Grace is not grace if it has to be earned


A lot of things in life have to be achieved. We need to achieve good grades in order to win the favor of our parents, and later, an admissions committee. When we enter college, we have to achieve good enough grades to graduate so that we can get the job we’ve always wanted. When we get the job, we then have to earn the respect of our peers, and our boss, in order to move up the ladder and earn more money. Our society, on the whole, believes that we have to earn and achieve our way into the good life.

This achievement-oriented way of life has infected our spirituality. Whether we realize it or not, we believe we have to earn our way to God. We feel guilty if we fail to read the bible when we get up in the morning. When we slack up on our daily prayers, then we start to feel distant from God, as if it were up to us alone to keep the conversation going. Heaven forbid if we miss church or forget to tithe.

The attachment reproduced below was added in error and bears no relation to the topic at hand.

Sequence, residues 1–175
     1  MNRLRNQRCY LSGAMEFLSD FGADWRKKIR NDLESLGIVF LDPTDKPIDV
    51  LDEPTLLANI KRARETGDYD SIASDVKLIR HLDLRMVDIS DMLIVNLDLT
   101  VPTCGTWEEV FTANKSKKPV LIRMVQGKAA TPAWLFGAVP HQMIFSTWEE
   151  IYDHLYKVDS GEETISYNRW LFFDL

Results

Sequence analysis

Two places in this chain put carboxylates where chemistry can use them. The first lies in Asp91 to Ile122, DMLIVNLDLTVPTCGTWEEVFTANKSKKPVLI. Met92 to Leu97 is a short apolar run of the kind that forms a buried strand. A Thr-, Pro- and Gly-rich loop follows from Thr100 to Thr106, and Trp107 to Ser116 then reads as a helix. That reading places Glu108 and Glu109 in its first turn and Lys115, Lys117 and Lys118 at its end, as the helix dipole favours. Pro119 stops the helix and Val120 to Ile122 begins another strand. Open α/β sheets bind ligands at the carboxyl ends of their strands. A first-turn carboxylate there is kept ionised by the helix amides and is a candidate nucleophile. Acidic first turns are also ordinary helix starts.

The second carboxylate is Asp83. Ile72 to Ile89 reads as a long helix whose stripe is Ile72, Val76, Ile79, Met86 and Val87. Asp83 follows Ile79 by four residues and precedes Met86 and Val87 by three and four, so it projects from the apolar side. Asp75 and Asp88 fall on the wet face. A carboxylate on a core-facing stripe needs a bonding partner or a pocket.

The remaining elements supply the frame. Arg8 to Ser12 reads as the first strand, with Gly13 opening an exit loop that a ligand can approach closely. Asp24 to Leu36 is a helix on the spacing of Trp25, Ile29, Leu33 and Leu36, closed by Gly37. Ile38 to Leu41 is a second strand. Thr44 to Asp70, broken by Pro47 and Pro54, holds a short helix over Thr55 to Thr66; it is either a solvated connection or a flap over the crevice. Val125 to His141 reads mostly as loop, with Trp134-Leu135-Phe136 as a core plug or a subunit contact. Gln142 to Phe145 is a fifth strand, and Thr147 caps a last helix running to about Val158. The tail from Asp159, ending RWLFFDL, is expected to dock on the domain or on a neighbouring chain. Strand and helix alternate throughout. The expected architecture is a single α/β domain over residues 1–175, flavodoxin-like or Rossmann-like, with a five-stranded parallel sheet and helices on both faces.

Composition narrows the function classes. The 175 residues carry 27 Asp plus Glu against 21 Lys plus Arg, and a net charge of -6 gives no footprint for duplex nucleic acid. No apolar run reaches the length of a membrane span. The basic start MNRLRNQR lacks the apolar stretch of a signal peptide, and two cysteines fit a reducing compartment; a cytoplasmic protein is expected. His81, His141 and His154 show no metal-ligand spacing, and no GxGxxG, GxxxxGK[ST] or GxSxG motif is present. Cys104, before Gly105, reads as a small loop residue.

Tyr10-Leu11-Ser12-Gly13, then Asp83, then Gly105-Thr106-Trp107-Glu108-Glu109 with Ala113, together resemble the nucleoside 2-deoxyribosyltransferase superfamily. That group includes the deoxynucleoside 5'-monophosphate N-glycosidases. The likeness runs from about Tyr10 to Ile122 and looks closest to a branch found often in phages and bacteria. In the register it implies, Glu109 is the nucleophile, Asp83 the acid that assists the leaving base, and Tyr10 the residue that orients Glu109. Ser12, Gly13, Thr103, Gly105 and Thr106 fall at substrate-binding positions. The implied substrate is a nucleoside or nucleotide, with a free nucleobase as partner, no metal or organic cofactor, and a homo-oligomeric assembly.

In contrast, the disciplines of the Christian life are not boxes to be checked-off in order to achieve access to God. They are ways we receive the gift that has already been given to us through Jesus Christ. The Apostle Paul declared in Romans: “there is no one who seeks after God” (3:10). We do not seek God mainly because we do not want anything to do with God in our sinful nature. Instead, God seeks us in Jesus Christ. In him, we meet a God who stops at absolutely nothing to “reconcile us to himself.” This understanding of God then re-defines the disciplines of our faith, and they underscore the rationale for the regular participation in the sacrament of holy communion and the hearing of the preached word. We listen to the sermon partake of Christ’s body and blood at the Lord’s table, in order to receive the gifts God gives us, not to earn them.

(Rev. Will Wilson is pastor of First Presbyterian Church in Kilgore. Contact him at


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